Student killed in Senegal political protests – Delay of presidential election | World News

Feb 9, 2024



A student died in senegal political opposition which started late by one presidential electionAFP said, citing university and hospital sources.
Senegal's parliament has voted to postpone presidential elections, originally scheduled for February 25, to December. This decision has increased concerns about the future of democracy in the country. In response to the delay, protesters Capital People in Dakar clashed with police, who used tear gas, stun grenades and rubber bullets. Protesters burned tires and threw stones, with some calling President Macky Sall a dictator. Similar protests also took place in the cities of Touba and Mbeke.
The unrest following the postponement has deepened fears of prolonged instability in Senegal. President Sall, who has already served two terms, attributed the delay to a dispute over the candidate list and claimed it could undermine the credibility of the electoral process. However, critics argue that he is attempting to seize power. The West African bloc and foreign powers have criticized the decision, seeing it as a departure from Senegal's democratic tradition.
Justice Minister Aissata Tal Sall acknowledged the crisis and called for calm, saying the moratorium was not solely a presidential decision but was approved by parliament. He also stressed that the Constitutional Court did not have jurisdiction to deal with legal challenges filed against the decision.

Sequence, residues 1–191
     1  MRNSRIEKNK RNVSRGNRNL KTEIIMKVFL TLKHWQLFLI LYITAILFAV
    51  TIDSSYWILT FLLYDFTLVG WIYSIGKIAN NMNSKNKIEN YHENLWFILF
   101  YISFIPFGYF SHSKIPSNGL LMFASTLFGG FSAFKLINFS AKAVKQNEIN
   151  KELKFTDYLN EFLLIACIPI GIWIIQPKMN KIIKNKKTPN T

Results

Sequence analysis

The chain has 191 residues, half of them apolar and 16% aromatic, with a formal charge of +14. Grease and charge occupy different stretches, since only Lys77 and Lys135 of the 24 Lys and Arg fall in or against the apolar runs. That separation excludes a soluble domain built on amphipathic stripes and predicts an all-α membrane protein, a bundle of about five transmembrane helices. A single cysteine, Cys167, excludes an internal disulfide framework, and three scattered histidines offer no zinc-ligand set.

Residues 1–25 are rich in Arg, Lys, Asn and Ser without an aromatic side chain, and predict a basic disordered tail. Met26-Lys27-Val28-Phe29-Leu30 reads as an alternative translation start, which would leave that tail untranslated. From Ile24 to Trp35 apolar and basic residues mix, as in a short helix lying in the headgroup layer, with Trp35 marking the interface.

The United States Embassy in Dakar expressed support for an earlier call by the regional bloc ECOWAS to align the electoral calendar with the constitution. The Embassy highlighted that various Senegalese political and civil society actors shared this view.
Despite efforts by opposition members to stall the voting, the bill to postpone the elections was passed by a majority of MLAs. The opposition coalition Yevri Askan Y and several opposition presidential candidates have filed legal challenges in the Constitutional Court. However, Justice Minister Tal Sall said the court was not the appropriate body to deal with these challenges.
The situation in Senegal remains tense, with concerns over the country's democratic future. The postponement of the presidential election has drawn widespread protest and criticism both domestically and internationally. As legal challenges emerge, the stability and credibility of Senegal's democratic processes will be closely watched.
(with inputs from agencies)



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